Here’s a question that should be really easy to answer: what is Diaspora?
Okay, well, I know what Diaspora is. It’s an attempt to make a decentralized social networking service. But my knowledge ends around there. What kinds of things does it share? What useful functionality does it provide for me? How does its concept of identity work? And the million dollar question, how does the decentralized bit actually work? Do I show up as
firstname.lastname@example.org on other sites, or do I auto-get a local account, or do I manually sign in with OpenID, or is there a central registration server, or do nodes sync their account lists… or what?
Let’s put on our Internet detective fezes and find out. Hmm I guess I’ll try their website.
Share what you want, with whom you want.
So far this sounds like Dropbox. The little marketing blurbs don’t tell me much more. The only other information on the page is that this thing is in alpha. And I guess there are some fancy logos at the bottom—which, I note, are almost the only things in color, so they naturally draw the eye. Surely these are important:
- A New York Times article from May 2010, describing the history of the project.
- A New York (who?) article from September 2010, describing… the history of the project.
- A Mashable article from August 2010 describing—wait for it—the history of the project.
- A TechCrunch bunch of screenshots from September 2010. Aha! Apparently you can share status messages and photos. Also something about “aspects”, with no explanation of what “aspects” are, though “aspects” always appears in quotes.
I’m rapidly running out of things to click. There are links to a Twitter account and a blog, but I don’t want updates; I want a document! Preferably one from later than September of last year. (I was actually about to complain that “updates” are not really the only thing I would expect from a social networking doodad, but it seems that the Diaspora team doesn’t understand any other form of communication.)
I can see the code, which is entirely useless unless I want to either run it or read it all. I can’t get an account and use the actual app; I’d have to wait for an invite. The only remaining link is “Have a problem? Find an answer here”, which goes to a horrible Stack Overflow clone containing very little actual information.
Okay. No problem. We’ll consult the sum total of human knowledge and experience: Wikipedia.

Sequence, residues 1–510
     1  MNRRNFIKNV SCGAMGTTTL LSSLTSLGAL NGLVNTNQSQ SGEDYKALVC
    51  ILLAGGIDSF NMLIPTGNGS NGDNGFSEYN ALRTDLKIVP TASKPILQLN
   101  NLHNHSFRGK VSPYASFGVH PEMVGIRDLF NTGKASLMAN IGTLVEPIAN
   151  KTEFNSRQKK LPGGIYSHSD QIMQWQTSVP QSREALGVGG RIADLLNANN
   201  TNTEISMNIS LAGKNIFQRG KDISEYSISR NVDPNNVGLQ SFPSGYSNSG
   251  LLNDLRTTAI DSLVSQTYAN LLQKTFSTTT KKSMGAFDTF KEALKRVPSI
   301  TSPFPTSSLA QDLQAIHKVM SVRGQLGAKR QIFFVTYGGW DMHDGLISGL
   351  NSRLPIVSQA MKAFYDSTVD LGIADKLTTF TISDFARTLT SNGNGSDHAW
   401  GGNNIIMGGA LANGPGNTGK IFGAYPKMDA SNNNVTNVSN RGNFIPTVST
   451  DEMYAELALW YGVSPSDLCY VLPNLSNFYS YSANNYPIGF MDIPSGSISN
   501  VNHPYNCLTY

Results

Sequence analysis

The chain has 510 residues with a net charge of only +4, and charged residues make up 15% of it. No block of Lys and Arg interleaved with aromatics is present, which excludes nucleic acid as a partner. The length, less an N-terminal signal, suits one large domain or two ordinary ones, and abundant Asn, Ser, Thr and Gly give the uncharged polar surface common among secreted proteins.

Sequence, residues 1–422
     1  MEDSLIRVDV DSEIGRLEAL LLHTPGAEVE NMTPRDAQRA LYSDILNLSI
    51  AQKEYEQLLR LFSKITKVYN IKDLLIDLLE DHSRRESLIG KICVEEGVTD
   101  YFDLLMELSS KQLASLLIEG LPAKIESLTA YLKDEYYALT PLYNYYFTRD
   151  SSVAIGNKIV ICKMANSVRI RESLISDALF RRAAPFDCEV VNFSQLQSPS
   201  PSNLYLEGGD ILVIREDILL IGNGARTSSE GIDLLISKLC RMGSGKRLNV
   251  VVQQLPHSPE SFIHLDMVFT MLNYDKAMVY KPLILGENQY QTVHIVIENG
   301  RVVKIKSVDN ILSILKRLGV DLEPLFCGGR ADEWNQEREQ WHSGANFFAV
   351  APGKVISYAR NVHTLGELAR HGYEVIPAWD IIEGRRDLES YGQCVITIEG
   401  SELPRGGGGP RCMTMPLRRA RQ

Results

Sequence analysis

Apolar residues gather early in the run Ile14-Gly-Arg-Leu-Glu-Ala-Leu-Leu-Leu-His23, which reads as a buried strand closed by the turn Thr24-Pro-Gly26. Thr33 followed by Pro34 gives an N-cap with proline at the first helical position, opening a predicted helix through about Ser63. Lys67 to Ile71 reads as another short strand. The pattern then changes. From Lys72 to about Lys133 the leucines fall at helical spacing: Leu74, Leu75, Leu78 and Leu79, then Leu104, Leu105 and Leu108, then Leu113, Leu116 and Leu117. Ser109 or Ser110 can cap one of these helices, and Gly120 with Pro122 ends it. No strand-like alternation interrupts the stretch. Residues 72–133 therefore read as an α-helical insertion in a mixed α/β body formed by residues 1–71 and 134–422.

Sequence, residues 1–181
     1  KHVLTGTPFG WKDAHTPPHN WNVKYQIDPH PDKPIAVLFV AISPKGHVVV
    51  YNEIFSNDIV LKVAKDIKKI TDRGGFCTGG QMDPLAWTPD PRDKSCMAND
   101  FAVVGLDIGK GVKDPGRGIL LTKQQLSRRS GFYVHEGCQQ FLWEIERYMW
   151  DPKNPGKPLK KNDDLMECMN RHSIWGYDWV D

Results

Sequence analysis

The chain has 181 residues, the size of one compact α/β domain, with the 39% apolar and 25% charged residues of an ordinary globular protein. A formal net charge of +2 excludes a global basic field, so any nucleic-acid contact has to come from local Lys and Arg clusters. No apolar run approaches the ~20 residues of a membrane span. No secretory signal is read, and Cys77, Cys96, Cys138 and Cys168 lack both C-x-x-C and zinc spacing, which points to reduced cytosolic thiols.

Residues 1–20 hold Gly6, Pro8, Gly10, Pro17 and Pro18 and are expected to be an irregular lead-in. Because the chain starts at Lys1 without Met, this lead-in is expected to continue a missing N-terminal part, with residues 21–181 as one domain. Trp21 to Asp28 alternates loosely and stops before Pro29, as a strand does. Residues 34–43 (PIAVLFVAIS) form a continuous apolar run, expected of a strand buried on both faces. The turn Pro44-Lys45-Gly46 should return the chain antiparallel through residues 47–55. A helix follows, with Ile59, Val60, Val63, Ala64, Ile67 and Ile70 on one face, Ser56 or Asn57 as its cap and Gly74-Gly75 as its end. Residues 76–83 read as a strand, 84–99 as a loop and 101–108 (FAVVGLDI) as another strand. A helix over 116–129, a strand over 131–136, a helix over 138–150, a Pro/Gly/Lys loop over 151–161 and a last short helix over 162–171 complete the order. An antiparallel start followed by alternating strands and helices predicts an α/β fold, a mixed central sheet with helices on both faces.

Diaspora is a free personal web server that implements a distributed social networking service, providing a decentralized alternative to social network services like Facebook.
“Orange is a free personal fruit that implements a feeding your face, providing a de-cored alternative to delicious services like Apple.”
Wikipedia doesn’t know what Diaspora is. The media—even the hippie startup media like TechCrunch—doesn’t know what Diaspora is. Diaspora doesn’t know what Diaspora is.
The important lesson here is that you, too, can make your project completely unimportant by following these easy steps!
- Create a project that a addresses a single major technical problem of great interest to many technical people. Provide absolutely no technical information whatsoever.
- Once you release your project to the world, make sure that nobody can actually use it, even ten months later. For bonus points, your domain name should have the word “join” in it, even though visitors can’t actually join anything. Ha ha, suckers!
- Make only three blog posts in 2011. One of them should serve no purpose but to acknowledge that it’s 2011.
This is ridiculous. Virtually everything the Diaspora team has ever said is vague marketing crap designed to make me care. I already cared, but they have no idea what to do with my attention now that they have it.
I’d like to also give a consolation prize to msgboy.
What is this, you ask? I genuinely have no idea. Maybe it’s a campaign to support monosodium glutamate. Apparently it was announced with this tweet:
“Msgboy - Follow your web!” http://beta.msgboy.com/ Check this out. #pubsubhubbub #xmpp #realtime #lastmile #chrome
So it’s a server-push Jabber extension for making my car shinier at the last minute. Well, obviously.